Just about everyone who saw the Walt Disney classic “Bambi” shed a tear, or at least stifled the urge to lacrimate (that’s cry in Scrabble-ese). Even if I had known of the devastating effects deer have on forest regeneration, not to mention crops, landscapes, and gardens, it still would have been a trauma for my five-year old self when Bambi’s mother got killed. (Oops—spoiler alert there, sorry.) But how might the movie have ended if they had all lived happily ever after?
What is life like for those few lucky, possibly smarter, white-tailed deer which manage to avoid cars, coyotes, projectiles, and parasites beyond the first few years of existence? Could an aged deer manage to gum your hostas to a nub when its teeth have worn away? I picture a wizened Grand-Buck griping that salt licks were better when he was a fawn, and that yearlings have it easy crossing the road these days now that cars have antilock brakes.
Seriously though, life gets harder in many ways as organisms age. Ask anyone who retired to Florida why they left northern New York and they’ll probably tell you winters were enjoyable until arthritis and various other ailments set in. What happens to wild deer as they become senior citizens—do they succumb to age-related health issues like bad joints, decayed teeth, or tumors?
I put the question to retired New York State Department of Environmental Conservation (NYSDEC) Wildlife Biologist Ken Kogut, who lives outside of Potsdam. He laughed. “To have a deer die of old age in the wild is an oxymoron,” he said. Ken went on to explain that in terms of hunting, NYSDEC data show the vast majority of harvested deer are in the 1.3 to 3.5 year-old range (because they are born in May and June, deer are always in a half-year by hunting season). “To see a seven or eight year-old buck [at a NYSDEC check station] is very, very unusual.”
To illustrate this point, consider that the Max Planck Institute for Demographic Research states the average lifespan of captive white-tails is 16 years, with the confirmed oldest captive deer living to be an ancient 23 years old. Compare that to wild white-tails, which do not have a good track record, so to speak. The average lifespan of a wild deer? According to a University of Michigan report, two years. Yeah. Ten is considered the upper age limit, and a very rare occurrence at that.
Determining the vintage of white-tails is called aging deer, not to be confused with the aging of parents, which is a function of both the number and activity level of their children. How do we find how many birthdays a deer has had? Dentistry.
White-tails have canine teeth (the irony of which, sadly, is lost on them) and incisors on the lower jaw, but none on the upper. In other words they can’t snip off a twig the way a rabbit can, but have to tear it away with an upward motion. But they do have upper and lower molars, and the wear on these is used to tell how old a deer is. Or was, as this is generally done post-mortem.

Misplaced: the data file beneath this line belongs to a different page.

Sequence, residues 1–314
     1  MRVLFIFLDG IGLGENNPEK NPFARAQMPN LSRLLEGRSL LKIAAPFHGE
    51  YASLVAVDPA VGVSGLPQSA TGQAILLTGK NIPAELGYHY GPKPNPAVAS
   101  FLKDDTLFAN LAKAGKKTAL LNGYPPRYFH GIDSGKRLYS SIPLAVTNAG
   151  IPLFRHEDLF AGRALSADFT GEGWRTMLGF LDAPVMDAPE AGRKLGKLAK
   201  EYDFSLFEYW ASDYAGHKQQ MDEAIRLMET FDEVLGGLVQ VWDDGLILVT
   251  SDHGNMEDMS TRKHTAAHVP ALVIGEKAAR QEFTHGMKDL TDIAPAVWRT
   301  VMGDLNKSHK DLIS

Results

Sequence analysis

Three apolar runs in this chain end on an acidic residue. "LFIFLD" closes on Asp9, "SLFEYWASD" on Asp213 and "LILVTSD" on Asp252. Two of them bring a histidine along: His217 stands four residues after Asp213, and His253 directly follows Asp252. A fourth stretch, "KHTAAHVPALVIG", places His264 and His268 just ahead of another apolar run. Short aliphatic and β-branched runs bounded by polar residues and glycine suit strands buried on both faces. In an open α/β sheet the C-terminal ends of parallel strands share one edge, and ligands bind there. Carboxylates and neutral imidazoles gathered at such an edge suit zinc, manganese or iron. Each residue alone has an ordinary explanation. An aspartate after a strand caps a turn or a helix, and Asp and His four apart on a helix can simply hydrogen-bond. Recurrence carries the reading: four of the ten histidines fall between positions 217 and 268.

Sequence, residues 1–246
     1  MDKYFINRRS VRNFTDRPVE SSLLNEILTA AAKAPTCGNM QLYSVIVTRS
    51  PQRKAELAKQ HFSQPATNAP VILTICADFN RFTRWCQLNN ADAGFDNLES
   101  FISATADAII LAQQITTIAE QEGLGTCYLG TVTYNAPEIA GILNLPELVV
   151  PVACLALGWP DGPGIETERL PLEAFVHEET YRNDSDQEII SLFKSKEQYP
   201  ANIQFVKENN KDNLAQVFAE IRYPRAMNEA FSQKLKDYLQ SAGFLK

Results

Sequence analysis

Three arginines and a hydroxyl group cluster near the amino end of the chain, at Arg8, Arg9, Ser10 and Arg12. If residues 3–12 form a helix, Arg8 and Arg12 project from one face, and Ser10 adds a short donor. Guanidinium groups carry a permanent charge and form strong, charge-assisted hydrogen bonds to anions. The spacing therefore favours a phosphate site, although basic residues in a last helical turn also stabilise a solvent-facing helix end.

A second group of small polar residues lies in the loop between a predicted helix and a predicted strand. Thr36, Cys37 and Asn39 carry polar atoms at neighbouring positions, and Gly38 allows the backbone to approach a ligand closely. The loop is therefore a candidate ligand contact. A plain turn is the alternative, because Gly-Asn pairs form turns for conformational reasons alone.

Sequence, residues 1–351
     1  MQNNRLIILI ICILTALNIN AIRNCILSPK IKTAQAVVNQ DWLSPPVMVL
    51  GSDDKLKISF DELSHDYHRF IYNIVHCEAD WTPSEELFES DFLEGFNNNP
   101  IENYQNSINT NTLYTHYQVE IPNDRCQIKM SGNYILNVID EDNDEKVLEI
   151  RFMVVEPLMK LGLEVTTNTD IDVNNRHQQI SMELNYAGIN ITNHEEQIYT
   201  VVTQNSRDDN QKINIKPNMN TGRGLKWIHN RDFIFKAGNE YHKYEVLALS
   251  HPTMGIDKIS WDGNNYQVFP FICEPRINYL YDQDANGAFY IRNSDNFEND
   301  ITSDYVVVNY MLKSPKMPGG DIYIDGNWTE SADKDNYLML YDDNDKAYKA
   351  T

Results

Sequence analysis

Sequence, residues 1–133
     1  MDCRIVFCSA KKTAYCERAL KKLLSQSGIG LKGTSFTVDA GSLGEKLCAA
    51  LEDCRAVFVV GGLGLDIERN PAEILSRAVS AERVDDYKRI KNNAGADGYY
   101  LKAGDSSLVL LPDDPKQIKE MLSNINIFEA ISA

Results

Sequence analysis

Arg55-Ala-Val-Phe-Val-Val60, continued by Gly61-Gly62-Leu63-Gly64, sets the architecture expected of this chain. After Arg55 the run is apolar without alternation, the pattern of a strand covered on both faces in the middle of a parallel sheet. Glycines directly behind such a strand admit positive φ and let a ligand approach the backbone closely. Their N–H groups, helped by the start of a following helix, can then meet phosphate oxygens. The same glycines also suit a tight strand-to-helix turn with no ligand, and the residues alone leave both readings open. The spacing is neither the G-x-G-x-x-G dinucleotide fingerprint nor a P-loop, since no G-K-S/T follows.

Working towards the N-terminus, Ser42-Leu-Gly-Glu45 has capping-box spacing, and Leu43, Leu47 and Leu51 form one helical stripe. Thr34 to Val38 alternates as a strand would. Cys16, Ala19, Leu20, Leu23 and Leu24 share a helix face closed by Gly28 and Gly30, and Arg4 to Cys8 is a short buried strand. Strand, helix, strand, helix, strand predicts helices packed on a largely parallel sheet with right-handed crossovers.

Aging deer started as kind of a home-grown citizen-science project. In years past, keenly observant hunters who could identify an individual deer from yearling stage onward took note of molar wear when it was harvested. Years of correlation of known deer age with measured teeth wear (turns out it’s one millimeter per year) made hunters like dairy farmer and NYS Big Buck Club founder Bob Estes of Caledonia, NY, expert in aging white-tails.
Aside from hunting, another thing driving down the average lifespan of wild deer is predation of fawns by coyotes and black bears. Surprisingly, in the Adirondacks, the latter actually kill more fawns than coyotes do. Predation is hard to quantify, though, as coyotes and bears eat every last vestige—bone, hair, and innards—of any animal they kill or find dead of other causes. Because predators do not feel safe out in the open, they don’t eat dead deer on roadsides, which are left to rot.
Deer-vehicle collisions are another huge factor, with the New York State Department of Transportation reporting an average of 65,000 per year. But according to Kogut starvation during hard winters is probably the single factor likely to kill older deer. For various reasons including worn molars, they are likely to have less stored body fat going into winter than a younger deer.
With all this carnage, are white-tails disappearing? Hardly. Dr. Peter Smallidge, the State Forester for Cornell Extension, said that at the time of European settlement, it’s estimated there were fewer than one deer per two square miles in New York State, about 20,000 in total. Today there are two million, more than enough to destroy the ability of many forests to regrow, as young trees are devoured by deer while they are seedlings.
Lyme disease is also a result of deer overpopulation. Cornell Extension Wildlife Specialist Dr. Paul Curtis believes that if the deer population went down below six per square mile—still higher than the historic density—then deer ticks, which spread Lyme disease, would become too scarce to be a public health threat.
What might cause the deer population to decline like that? I don’t know, but it certainly won’t be from old age.
Paul Hetzler is a horticulture and natural resources educator with Cornell Cooperative Extension of St. Lawrence County.